Anticipation, perception, and reality of pain are enough to cause most pediatric patients some level of anxiety and distress related to needle injections.

Preparing the patient on what to expect and on the use of an instant topical anesthetic are desirable before, or in place of, injection of local anesthetics to minimize anxiety associated with the threat of pain or the actual needle itself.

Whether it is a needlestick, sutures, or other minor medical procedures, pediatric patients, similar to adults, fear the unknown and anticipate pain sometimes even when an effective topical anesthetic is used. This is a situation that can be addressed with a few relatively easy preemptive actions.

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For example, simply explaining and
 showing how an instant topical anesthetic works — quickly and painlessly — gives the young patient power over the scary situation and gains the trust of the caregivers. 

These are actions that are well within the scope of what a medical caregiver can do in virtually any pediatric procedure that involves needlesticks, suturing, and other minor procedures. 

During international medical volunteer missions with the Global Smile Foundation, we have applied and benefited from an instant topical anesthetic to facilitate injection of local anesthetics into deeper tissue, allowing effective anesthesia and successful completion of uncomplicated cleft lip repairs without sedation in cooperative adolescents aged 12 to 18 years and in adult patients. Cleft lip surgery involves multiple local anesthetic injections (on average, 4), but it is the initial painful stick that is most hurtful and frightening.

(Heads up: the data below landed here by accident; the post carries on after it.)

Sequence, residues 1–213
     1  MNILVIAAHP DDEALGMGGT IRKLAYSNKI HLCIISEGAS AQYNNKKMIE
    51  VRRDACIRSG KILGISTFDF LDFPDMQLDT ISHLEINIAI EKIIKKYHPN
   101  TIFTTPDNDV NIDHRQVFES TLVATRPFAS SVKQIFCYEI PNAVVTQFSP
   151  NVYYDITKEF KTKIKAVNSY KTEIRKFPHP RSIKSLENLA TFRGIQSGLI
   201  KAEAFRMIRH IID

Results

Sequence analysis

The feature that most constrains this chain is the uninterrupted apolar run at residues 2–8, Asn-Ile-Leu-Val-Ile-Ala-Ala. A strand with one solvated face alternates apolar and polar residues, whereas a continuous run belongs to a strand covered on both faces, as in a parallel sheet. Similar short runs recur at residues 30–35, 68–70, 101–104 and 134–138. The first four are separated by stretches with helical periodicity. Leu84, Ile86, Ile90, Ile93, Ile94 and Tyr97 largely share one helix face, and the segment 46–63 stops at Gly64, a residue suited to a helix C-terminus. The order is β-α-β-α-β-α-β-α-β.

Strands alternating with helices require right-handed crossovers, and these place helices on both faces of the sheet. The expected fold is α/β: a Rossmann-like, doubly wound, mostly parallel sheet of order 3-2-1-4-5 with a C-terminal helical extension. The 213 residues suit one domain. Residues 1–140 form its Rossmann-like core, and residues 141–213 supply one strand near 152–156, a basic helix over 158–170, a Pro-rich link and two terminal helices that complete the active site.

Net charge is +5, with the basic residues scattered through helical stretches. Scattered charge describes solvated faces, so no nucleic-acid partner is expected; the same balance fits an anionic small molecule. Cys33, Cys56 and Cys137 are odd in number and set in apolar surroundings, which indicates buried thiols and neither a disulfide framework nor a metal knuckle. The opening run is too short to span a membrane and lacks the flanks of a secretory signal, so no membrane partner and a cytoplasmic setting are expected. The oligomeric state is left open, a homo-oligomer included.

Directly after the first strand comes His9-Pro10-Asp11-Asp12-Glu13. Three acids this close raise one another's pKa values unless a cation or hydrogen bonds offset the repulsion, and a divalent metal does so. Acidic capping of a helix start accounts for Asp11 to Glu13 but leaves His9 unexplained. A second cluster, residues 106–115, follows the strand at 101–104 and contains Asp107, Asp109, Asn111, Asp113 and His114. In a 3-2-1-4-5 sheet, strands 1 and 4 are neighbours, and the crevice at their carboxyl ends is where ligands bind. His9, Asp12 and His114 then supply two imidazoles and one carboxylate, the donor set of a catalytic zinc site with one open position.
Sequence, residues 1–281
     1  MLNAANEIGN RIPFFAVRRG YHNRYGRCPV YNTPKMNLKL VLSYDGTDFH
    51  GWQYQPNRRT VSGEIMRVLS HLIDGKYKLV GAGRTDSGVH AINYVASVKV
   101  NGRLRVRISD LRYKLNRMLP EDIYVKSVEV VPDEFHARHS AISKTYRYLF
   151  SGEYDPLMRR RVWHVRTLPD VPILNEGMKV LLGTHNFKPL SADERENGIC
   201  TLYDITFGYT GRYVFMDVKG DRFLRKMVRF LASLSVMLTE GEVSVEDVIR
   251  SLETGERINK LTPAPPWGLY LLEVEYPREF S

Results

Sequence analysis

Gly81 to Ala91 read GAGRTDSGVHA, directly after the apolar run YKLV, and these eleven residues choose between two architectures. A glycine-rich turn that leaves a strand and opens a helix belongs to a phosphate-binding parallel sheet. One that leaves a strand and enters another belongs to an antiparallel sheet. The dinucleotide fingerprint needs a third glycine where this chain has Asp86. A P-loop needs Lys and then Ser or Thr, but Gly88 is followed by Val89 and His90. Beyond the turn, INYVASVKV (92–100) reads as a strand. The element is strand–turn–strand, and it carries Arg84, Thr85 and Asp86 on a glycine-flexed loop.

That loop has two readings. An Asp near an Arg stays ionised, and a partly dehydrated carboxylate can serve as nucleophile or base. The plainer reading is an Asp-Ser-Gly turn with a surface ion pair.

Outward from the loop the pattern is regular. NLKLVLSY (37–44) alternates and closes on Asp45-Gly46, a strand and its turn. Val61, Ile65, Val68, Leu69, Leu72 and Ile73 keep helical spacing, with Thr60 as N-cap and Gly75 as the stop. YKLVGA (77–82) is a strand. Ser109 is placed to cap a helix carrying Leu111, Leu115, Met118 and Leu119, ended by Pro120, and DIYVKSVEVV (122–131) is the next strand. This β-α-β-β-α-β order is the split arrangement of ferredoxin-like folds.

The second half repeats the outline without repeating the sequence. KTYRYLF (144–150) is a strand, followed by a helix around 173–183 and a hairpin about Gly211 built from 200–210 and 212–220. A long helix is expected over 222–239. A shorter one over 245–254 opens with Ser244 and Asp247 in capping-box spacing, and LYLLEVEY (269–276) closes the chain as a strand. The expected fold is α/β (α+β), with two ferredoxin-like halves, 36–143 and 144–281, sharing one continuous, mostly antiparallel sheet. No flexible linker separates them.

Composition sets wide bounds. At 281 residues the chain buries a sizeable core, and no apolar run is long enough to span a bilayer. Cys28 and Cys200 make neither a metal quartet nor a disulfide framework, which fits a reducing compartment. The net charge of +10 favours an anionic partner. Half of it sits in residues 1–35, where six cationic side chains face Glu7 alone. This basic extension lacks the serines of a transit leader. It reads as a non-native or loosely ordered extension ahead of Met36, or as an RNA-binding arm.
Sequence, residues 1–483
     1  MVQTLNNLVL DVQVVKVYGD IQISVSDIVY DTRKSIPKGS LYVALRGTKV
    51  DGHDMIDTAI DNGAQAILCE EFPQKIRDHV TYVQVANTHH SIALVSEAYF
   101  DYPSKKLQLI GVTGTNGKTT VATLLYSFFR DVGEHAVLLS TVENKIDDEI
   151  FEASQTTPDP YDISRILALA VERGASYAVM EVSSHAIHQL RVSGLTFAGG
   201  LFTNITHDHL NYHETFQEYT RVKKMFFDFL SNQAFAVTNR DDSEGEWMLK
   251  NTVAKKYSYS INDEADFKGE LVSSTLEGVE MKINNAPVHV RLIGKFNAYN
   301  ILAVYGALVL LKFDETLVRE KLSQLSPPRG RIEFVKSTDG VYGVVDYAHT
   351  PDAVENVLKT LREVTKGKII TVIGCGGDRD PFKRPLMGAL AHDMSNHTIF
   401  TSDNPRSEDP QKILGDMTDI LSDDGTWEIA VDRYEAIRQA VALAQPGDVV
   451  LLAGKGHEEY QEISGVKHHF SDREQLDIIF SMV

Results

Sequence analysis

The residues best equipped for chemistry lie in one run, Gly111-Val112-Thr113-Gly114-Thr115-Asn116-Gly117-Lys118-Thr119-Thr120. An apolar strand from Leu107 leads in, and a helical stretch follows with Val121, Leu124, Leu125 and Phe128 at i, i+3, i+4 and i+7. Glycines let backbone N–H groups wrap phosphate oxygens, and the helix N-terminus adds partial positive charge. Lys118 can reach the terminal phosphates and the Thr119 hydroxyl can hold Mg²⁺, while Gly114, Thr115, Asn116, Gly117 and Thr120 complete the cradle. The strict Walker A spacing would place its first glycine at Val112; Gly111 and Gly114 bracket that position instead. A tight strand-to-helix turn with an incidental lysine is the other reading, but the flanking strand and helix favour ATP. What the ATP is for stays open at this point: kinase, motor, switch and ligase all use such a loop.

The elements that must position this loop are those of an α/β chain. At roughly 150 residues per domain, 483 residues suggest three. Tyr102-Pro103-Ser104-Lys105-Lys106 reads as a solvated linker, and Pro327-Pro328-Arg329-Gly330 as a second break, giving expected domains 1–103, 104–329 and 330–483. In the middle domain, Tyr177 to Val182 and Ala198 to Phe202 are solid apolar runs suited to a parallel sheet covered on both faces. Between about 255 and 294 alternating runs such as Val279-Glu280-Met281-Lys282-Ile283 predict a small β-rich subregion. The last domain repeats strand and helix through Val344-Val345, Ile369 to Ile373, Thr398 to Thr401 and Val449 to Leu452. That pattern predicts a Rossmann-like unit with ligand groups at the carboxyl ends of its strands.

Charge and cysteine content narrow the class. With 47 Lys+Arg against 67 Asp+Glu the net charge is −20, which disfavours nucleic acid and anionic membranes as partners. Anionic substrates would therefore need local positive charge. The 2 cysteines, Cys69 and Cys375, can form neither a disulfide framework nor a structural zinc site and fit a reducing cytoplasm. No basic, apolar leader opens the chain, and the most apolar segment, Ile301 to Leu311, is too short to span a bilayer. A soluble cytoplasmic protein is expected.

Demonstrating to patients how an instant topical anesthetic works in dulling the sensation of a needle may lay the groundwork for building trust between the patient and operator. What we have learned from these experiences can unquestionably apply in other procedures in which young patients must deal with the physical and emotional discomfort associated with needle insertions.

Adolescents who have a severe fear (phobia) of needles require proper preparation, psychological support, and anxiolytics. In extreme cases, general anesthesia is necessary. Instant topical anesthetics can be helpful to relieve the pain of needlesticks, but fear of the needle is a very real psychological condition for even very brief painful injections such as vaccination or local anesthetic injection. 

It is quite common for pediatric patients to fear needlesticks and medical procedures. Although it takes little time to demonstrate how instant topical anesthetics work—and even less time to apply — the payoff could be big.

Not only can the use of instant topical anesthetics ease pain and probably anxiety, it will enhance positive relations between patients and clinicians, as well as pave the way for effective communication, both of which are important for successful and safe completion of procedures. This may also mitigate the anticipatory anxiety with subsequent needle procedures. 

Primary-care providers must consider the possible harm that needlesticks might cause to children and continue to find new opportunities to expand the use of instant topical anesthetics as a way to minimize the discomfort and fear of needle-related procedures.

Pain and distress resulting from needlesticks are also associated with unfavorable consequences such as lack of a patient’s cooperation during the procedure, leading to increased procedural time, reduced success, and diminished child and family satisfaction.

Navil F. Sethna, MD, FAAP, is the Senior Anesthesiologist and Clinical Director at the Mayo Family Pediatric Pain Rehabilitation Center, Boston Children’s Hospital, Waltham, Mass. He is a recipient of a grant for a laboratory study from Gebauer Company, the makers of Gebauer’s Pain Ease®. He was not compensated for this article.